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2018: a boom year for Chinese apps in India

Written by Robin Moh Published on   4 mins read

ByteDance and co. are a massive new force in India’s app ecosystem.

2018 has been a phenomenal year for Chinese tech giants in India. The number of Chinese apps that made it to the top 100 apps on Google Playstore in India rose from 18 to 44, all within one year, according to Indian tech news site FactorDaily. The article cites data from app analytics firm Sensor Tower.

A range of Chinese apps has grown in popularity in India over the past year. Especially apps for social networking and sharing short video and live video stand out. ByteDance has seen immense success across the world with its short video app Tik Tok. In India, it has a second horse in the race: Helo, a social networking app that’s now also among the top 10 most popular apps in India’s Play Store. Bigo, an affiliate of Chinese tech firm YY, also has two prominent social apps in India, Bigo Live and LIKE. Other apps in the category are Tencent’s Kwai, and Cheetah Mobile’s LiveMe – in which ByteDance is an investor.

Chinese-made games like Clash of Kings and Mobile Legends have been popular for a while, but many more have entered the fray, most notably Tencent’s PUBG mobile.

Source: FactorDaily

Though the surge in popularity of Chinese apps in India happened swiftly, it wasn’t exactly overnight.

Chinese tech firms have been trying to break into the Indian market for a good six years, at least. Cut-throat domestic competition and a saturating internet market in China left them no choice but to explore greener pastures.

After all, FactorDaily points out, only India offers a potential market similar in size to China. The article reviews WeChat’s early attempt at conquering India in 2012. After the app’s record-breaking growth leap in China, it wanted to become India’s mainstream social networking app.

Tencent went all in, splurging on ads, roping in brand ambassadors, looking to acquire market share quickly. A former WeChat executive in India told Factor Daily that they were the first mobile app to launch television ads in India. But WeChat did not meet the needs of the users in India, and exited India three years after its launch.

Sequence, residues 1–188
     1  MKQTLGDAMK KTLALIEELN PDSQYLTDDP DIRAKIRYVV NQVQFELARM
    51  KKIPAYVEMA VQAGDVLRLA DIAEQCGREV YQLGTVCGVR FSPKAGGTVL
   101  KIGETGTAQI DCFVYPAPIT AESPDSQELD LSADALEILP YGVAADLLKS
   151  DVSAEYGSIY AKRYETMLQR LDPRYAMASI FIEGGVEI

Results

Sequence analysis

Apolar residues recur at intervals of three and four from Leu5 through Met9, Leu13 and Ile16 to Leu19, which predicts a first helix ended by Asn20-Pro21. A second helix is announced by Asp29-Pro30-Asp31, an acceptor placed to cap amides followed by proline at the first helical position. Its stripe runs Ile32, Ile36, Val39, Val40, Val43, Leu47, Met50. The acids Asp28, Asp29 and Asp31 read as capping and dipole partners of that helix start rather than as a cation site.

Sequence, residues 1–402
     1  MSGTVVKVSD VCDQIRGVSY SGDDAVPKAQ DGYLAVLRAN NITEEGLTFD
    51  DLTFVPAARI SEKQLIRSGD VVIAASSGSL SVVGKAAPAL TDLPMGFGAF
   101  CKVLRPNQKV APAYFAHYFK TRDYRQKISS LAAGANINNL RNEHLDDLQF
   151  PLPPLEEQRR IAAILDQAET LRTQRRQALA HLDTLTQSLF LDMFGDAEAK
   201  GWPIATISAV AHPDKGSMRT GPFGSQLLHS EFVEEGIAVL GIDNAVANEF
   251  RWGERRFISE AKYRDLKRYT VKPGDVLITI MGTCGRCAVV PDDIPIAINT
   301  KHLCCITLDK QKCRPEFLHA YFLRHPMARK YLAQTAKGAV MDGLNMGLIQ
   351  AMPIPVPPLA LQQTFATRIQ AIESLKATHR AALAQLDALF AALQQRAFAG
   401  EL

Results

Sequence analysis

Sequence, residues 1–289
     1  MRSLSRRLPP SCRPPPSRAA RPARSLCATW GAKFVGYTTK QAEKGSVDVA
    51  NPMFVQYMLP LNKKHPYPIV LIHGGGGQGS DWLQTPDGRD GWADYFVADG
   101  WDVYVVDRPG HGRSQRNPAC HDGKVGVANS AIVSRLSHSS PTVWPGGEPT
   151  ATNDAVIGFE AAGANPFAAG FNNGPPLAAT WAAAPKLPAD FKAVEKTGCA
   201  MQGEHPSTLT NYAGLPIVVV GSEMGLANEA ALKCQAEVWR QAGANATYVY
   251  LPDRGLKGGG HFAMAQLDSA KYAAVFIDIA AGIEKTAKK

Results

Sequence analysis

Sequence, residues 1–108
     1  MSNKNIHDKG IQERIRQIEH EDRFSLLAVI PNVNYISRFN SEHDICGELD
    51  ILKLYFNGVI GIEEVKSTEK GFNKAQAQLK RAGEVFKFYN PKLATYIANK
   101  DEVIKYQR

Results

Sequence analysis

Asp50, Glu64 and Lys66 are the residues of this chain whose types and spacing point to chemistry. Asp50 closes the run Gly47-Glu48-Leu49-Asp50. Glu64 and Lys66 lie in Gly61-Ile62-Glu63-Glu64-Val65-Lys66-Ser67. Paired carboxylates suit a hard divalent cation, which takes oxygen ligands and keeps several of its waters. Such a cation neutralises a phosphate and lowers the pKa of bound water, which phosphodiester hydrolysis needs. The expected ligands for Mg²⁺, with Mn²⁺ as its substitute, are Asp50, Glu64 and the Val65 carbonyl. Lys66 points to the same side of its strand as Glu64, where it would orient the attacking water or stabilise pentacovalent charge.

Some of WeChat’s features, like having to accept a friend request before chatting and being able to send friend requests to other WeChat users nearby, were a hit in China, but did not sit well with India’s app users. One issue was that women complained about getting inappropriate messages from men via the add-friend nearby feature.

WhatsApp, the US messenger that’s part of Facebook, did not have these features. You could chat with anyone via WhatsApp provided they are on your contacts list, but it did not enable sending nearby strangers a request. WhatsApp became the local favourite.

Fast forward to 2018 however, India’s app landscape has changed a lot. The Chinese seem to have found a way around the challenge of localisation.

It’s not sufficient just to have a “local team” when talking about a truly localised strategy. Factor Daily describes how the new generation of Chinese apps have embedded themselves with the local culture, and are taking time to understand cultural nuance.

India, unlike China, is very diverse. Indians living in the South are generally more well-to-do than folks in the North. Different India cities speak different vernacular languages, and a deeper understanding has to be established to create the right product. More than just the caste system that separates people, consumers in India can be grouped in many ways – language, income, and geographies are just some examples.

In some cases, like Cheetah Mobile’s LiveMe, India is its main market, and it has invested in three local studios to create content with Indian talent.

China is catching up with the US in terms of global app dominance, and in India specifically, it’s banking on new-found formulas that mix video with social networking and gaming, and target smartphone users second and third-tier cities, many of whom are just coming online. The big question is if this wave is sustainable.

Many of the more established Chinese tech firms encountered trouble soon after their IPOs. HK-listed Meituan still has a doubtful pathway to profitability, while HK-listed Xiaomi saw its share price tanked by 30% over the six months following its debut, and the list goes on.

ByteDance, the creator of Tik Tok and Helo, has yet to make its public debut, and there’s no guarantee that the current hype translates into long-term sustained success and profitability. There are many unknowns. For instance, Tik Tok performed well in India last year, but there were also concerns about whether the sometimes racy content is suitable for India’s young audiences. Similar debates over platforms like Bigo Live have erupted elsewhere.

Globally, not just India, there’s been a general mistrust in Chinese products, especially with regards to their data collection habits. The challenge for Chinese app makers will be to navigate their way through these potential pitfalls. But looking at the quick proliferation of Chinese apps in India, it may be that the internet’s newest users who are coming online for the first time, enticed by affordable smartphones and data packages, may not share these concerns.

Editor: Nadine Freischlad


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